In Native American legend, a dream catcher filters bad dreams and allows only the good dreams to pass on to the sleeping person.  Kenichi Nezu, of Japan tuning house Stardast, doesn’t like to use the word custom. Instead, he builds “dream” cars, cars that are conceptualized in his head and then crafted into real life works of art.  Like a real life dream catcher, Nezu-san has allowed only the most choice mods to grace his beautiful Fairlady Z roadster.

Photos By: JC Pepino // WorkWheels JP exclusively for

With the goal of turning his Fairlady into a legitimate dazzler, Nezu-san set out to give his car a look inspired by Ferrari, one where form and function merge seamlessly. The first thing you’ll notice is the ultra-low drive height. This is not a static show car, and with Nezu-san’s desire to drive the car normally, an adjustable suspension was mandatory. Instead of using the air suspension or cup kits typically seen on imports, Nezu-san crafted up a hydraulic suspension, the first one I’ve ever seen in over 10 years of Z33 ownership! With the suspension perfected, Nezu-san added a set of white Work Emotion CR Kiwami ultra deep concave wheels. The 19×10.5 +12 fronts and 19×11 +18 rears are wrapped in 235/35/19 rubber all around. The wheels are mounted with red Work lug nuts and gigantic, yellow Stardast brake calipers can be seen peeking out from behind.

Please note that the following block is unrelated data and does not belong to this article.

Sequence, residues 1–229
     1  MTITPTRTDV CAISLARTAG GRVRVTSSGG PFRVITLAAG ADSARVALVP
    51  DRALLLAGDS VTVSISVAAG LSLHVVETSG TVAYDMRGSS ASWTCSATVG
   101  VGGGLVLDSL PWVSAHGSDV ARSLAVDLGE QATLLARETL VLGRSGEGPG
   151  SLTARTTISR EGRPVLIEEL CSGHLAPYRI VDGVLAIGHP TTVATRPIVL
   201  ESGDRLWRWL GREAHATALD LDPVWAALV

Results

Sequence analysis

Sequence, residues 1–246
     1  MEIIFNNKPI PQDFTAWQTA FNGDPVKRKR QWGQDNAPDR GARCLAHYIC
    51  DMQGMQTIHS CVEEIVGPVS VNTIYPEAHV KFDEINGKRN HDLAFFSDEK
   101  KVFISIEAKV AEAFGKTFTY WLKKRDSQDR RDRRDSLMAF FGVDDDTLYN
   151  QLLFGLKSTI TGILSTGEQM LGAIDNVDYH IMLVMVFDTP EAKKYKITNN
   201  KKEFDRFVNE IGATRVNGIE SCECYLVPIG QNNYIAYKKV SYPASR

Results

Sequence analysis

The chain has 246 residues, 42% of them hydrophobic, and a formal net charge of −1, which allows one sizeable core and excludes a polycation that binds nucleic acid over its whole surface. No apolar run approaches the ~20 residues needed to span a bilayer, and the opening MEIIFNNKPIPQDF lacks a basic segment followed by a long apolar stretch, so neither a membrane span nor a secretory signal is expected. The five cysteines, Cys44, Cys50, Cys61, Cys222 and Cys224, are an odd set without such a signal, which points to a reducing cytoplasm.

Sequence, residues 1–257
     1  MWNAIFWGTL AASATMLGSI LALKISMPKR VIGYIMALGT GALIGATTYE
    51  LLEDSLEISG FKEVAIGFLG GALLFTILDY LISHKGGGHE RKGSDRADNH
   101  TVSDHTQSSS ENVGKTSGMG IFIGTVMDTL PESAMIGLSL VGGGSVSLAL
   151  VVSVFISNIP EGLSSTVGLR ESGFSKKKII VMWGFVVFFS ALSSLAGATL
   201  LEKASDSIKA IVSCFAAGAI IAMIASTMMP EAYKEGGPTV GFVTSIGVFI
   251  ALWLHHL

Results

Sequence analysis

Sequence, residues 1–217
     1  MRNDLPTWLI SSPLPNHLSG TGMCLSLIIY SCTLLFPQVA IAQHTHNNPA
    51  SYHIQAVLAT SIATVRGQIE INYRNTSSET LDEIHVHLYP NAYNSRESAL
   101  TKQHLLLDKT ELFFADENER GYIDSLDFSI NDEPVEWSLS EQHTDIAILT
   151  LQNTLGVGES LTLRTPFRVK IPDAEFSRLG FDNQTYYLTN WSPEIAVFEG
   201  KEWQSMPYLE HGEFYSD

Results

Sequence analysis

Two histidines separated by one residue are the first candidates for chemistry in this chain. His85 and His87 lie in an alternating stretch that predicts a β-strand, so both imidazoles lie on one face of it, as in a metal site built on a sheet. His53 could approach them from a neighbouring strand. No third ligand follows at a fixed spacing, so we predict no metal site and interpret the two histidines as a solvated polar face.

Turning his attention to the exterior, Nezu-san picked up a Do-Luck body kit meant for a coupe and, in the most difficult part of his build, fitted it to his roadster. The rear fenders have been widened using FRP, and US-market headlights and tail lights have been added. He also crafted a new soft top made of the same material Ferrari uses.

Inside the cabin, the dashboard and other plastic parts have been treated with a thin coat of paint, and the Stardast logo has been added to the headrests. A full titanium exhaust manifold feeds into a titanium muffler, which can be seen peeking out from underneath the Do-Luck rear bumper, and an exhaust control valve allows Nezu-san to open up the exhaust at will.

As a Z33 owner myself, I’ve long talked about adding a hydraulic suspension, half jokingly, half wishful. Leave it to the Japanese to make my dream a reality! Like the Native American dream catchers, Kenichi Nezu, of Hachiouji, Tokyo, has allowed this dream to pass through into the conscious of the rest of us.  Whenever I see Nezu-san’s Fairlady, the first and last thought it leaves me with is “I love this car!”  I’m sure I’m not the only one.